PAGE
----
Customer Reviews for

Female Nomad and Friends: Tales of Breaking Free and Breaking Bread Around the World

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  • Posted June 15, 2010

    more from this reviewer

    Women the world over are made up of the same ingredients, it's how they are blended that mark who they are

    Connection is the self-proclaimed theme of Rita Golden Gelman's life. She hearkens back to a time of yore by calling herself a modern-day nomad. In Female Nomad and Friends, she is in hunter-gather mode collecting recipes from around the globe via submissions to her website. They are meticulously blended with real-life stories of 41 women who take a leap of faith and reach out to another human being - whether across town or across the world. Every hint of zest is appreciated and recognized in this culinary community of over 25 ethnic dishes.

    Golden Gelman upped the ante even further by donating all of the proceeds of the book to a scholarship fund. It will enable high school graduates in the slums of India to attend vocational schools. The funds are being administered through a Maryland chapter of the Rotary Club. With a soul full of wanderlust, she may not have a permanent address, but Golden Gelman certainly does not equate the absence of hearth and home with a lack of responsibility.

    The book is divided into five sections: Connecting, Mixed Messages, Language, Passion and Food. The recipes range from the familiar - Grandma's fried chicken - to the exotic - sun-dried worms. However, the downright peculiar are thankfully omitted (Filipino head of the dog, anyone?).

    Among the accompanying stories, there are several stand-outs. One woman experiences the ultimate in hospitality when an elderly woman offers to carry her on her back across a flooded Vietnamese street. Another answers a want ad for a housekeeper and discovers a lonely Alaskan looking for a wife. A Swedish exchange student experiences her first Thanksgiving, Texas-style. An American schoolteacher in France is invited to the sumptuous table of her student's family. An orphaned Iraqi girl makes a connection with an American woman before and after the 2003 invasion. A visiting couple who miss their ferry stop are rowed upstream against the current by a kind native in Paraguay.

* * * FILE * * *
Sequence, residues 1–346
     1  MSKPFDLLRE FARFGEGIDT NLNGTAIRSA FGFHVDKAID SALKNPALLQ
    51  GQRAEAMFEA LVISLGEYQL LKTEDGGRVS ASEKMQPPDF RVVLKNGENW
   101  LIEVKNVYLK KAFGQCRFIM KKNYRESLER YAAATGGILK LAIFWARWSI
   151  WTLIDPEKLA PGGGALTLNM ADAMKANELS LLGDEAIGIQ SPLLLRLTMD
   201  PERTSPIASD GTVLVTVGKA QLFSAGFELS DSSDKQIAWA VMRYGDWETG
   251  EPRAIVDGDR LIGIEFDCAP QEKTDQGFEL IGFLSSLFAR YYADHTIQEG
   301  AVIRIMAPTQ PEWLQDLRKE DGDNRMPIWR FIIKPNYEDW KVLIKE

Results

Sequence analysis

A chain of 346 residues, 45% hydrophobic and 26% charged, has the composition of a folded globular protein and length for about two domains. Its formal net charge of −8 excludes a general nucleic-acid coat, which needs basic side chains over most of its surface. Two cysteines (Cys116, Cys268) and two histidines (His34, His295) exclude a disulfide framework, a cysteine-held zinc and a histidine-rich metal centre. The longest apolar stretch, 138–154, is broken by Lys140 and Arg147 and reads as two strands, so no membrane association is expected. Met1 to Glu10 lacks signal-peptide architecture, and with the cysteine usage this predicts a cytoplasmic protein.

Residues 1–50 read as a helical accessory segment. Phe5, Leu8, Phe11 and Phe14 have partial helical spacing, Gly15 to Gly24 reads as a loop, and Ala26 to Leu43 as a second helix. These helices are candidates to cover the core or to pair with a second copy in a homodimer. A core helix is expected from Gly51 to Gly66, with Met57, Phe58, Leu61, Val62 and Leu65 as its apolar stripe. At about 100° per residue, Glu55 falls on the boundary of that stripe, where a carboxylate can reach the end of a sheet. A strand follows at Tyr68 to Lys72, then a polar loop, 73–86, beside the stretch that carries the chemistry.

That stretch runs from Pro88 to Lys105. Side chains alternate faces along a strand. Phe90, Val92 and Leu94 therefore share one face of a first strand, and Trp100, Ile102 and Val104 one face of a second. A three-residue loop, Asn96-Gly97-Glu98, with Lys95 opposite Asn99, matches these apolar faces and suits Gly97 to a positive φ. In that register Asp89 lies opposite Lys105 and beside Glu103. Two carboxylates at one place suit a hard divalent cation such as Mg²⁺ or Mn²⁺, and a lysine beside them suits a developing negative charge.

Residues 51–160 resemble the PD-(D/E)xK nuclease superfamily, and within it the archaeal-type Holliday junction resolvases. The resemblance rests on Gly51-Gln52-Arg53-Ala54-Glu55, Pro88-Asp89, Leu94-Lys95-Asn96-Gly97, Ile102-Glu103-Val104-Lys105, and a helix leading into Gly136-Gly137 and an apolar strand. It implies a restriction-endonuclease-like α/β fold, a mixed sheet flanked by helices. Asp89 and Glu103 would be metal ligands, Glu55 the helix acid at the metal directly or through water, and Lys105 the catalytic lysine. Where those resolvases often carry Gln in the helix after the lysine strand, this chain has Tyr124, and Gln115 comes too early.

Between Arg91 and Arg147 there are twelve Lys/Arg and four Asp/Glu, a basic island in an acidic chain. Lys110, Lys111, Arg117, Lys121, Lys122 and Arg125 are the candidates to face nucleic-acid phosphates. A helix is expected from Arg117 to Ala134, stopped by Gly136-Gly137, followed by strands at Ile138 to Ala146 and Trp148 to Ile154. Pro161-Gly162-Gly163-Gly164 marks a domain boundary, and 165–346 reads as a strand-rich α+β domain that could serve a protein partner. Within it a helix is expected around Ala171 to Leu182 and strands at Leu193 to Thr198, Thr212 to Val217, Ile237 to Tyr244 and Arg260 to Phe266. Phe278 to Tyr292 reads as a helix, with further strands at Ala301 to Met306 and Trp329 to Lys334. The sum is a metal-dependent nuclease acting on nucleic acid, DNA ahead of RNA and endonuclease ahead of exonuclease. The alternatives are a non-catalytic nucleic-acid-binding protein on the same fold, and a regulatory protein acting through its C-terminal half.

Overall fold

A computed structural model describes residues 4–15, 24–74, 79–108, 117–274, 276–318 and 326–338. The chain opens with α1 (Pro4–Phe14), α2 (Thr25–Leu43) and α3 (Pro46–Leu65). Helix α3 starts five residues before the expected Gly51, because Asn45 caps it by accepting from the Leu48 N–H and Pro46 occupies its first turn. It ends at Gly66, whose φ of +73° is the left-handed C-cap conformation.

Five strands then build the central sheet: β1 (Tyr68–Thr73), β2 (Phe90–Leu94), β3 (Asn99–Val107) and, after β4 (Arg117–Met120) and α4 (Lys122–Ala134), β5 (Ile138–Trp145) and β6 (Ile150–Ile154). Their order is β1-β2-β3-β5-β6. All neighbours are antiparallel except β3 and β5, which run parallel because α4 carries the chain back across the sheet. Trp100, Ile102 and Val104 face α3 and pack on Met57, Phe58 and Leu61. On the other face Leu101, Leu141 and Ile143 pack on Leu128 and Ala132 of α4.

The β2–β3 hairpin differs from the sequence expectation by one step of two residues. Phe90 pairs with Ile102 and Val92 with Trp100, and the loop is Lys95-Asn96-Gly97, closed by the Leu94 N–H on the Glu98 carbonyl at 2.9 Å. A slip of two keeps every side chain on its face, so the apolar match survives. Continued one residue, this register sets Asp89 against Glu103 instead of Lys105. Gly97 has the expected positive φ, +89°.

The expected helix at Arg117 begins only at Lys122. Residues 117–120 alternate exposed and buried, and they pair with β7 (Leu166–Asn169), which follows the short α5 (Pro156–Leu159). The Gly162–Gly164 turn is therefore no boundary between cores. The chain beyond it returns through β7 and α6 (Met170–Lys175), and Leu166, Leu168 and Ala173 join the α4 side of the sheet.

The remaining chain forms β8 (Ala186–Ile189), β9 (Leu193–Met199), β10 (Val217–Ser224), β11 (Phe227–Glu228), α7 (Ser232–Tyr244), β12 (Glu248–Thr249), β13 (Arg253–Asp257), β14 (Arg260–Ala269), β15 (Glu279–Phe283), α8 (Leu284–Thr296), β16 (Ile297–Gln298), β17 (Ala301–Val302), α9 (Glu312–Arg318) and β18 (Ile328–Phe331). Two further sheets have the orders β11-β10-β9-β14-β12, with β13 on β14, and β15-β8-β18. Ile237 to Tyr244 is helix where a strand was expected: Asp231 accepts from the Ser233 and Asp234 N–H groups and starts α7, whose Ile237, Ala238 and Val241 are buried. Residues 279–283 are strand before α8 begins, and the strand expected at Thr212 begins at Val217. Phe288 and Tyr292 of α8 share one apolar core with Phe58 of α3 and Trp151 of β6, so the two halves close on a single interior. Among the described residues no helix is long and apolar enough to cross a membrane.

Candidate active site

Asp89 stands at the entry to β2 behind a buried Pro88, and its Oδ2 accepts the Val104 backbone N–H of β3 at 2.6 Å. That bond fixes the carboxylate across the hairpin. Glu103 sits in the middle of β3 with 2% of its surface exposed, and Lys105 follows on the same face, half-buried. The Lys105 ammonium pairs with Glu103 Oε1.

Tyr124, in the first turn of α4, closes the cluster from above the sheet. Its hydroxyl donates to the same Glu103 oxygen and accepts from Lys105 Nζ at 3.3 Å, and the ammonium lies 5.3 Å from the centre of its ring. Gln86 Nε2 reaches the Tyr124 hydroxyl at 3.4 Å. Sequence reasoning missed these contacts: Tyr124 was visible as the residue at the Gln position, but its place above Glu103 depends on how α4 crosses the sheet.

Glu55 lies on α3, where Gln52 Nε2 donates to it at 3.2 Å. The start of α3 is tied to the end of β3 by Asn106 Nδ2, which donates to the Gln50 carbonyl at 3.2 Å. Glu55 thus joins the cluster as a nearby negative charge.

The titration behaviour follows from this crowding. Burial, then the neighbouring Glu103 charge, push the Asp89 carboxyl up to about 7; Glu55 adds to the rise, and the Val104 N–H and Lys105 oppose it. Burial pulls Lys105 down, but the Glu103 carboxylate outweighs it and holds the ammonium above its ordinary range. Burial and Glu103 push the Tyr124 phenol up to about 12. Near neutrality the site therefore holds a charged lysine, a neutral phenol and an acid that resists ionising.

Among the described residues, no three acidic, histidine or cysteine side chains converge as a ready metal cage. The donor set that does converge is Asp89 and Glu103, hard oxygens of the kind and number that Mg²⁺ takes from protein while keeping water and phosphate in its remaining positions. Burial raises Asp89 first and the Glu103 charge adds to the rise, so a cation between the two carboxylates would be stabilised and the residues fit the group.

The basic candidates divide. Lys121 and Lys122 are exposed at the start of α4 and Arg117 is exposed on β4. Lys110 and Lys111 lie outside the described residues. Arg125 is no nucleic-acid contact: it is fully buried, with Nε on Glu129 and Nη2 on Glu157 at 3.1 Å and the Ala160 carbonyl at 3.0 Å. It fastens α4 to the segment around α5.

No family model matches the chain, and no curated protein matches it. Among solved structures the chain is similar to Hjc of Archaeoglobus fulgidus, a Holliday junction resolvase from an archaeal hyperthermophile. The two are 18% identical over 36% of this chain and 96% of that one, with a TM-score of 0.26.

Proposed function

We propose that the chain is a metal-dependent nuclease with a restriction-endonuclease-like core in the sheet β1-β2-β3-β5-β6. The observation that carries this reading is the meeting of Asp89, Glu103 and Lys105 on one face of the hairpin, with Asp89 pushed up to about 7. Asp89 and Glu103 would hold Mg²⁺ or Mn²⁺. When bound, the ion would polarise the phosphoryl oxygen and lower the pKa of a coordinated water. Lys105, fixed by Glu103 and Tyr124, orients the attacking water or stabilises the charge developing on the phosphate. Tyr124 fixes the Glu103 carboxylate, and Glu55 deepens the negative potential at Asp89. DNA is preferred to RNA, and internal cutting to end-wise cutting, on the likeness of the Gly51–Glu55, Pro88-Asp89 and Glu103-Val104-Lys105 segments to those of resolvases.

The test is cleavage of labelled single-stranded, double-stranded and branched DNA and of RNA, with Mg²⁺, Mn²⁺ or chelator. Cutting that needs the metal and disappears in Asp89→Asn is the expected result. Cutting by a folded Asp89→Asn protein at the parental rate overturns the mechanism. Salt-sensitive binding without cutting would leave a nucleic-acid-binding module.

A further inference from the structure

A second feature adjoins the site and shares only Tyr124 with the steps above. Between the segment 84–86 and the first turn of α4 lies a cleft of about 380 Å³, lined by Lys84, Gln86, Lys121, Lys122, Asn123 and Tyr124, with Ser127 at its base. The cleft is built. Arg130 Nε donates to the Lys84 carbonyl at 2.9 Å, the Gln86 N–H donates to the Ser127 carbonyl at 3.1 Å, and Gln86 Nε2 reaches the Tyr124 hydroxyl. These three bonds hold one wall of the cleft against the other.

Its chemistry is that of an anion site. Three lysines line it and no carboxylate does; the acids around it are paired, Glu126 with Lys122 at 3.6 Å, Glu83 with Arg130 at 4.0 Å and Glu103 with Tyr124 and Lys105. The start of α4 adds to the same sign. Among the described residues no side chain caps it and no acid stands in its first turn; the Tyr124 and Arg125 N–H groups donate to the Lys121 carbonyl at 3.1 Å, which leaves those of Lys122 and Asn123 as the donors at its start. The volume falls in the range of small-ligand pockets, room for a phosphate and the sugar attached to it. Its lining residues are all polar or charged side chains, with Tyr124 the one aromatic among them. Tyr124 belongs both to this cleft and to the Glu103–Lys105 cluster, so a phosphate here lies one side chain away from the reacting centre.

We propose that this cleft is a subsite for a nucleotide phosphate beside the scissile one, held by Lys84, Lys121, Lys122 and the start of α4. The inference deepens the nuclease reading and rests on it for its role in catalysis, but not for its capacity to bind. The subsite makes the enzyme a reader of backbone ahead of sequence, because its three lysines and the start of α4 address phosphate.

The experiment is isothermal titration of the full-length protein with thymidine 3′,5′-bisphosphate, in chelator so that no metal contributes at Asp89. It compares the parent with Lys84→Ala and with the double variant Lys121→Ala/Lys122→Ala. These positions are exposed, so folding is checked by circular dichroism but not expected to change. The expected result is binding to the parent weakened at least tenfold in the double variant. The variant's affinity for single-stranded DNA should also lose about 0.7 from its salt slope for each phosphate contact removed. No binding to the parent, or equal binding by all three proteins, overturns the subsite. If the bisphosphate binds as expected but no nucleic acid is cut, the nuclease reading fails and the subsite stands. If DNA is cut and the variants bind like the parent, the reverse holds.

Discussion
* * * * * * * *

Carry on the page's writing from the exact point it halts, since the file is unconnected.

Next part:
However, many dangers exist for women traveling alone, and these perils are not ignored. One woman is raped by a hotel manager in India and later returns home to discover that she is pregnant. Another drinks the water on a South Pacific island and succumbs to dysentery.

    Overall, women the world over are made up of the same ingredients, it's how they are blended that mark who they are.

    1 out of 1 people found this review helpful.

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  • Posted December 18, 2014

    I loved the original book - it was such an adventure and so well

    I loved the original book - it was such an adventure and so well told. This sequel just didn't cut it for me. . . I put it down after just a few pages....

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  • Anonymous

    Posted August 8, 2013

    Love it

    Must read

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  • Anonymous

    Posted May 24, 2013

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  • Anonymous

    Posted September 9, 2010

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  • Anonymous

    Posted July 23, 2010

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  • Anonymous

    Posted April 3, 2011

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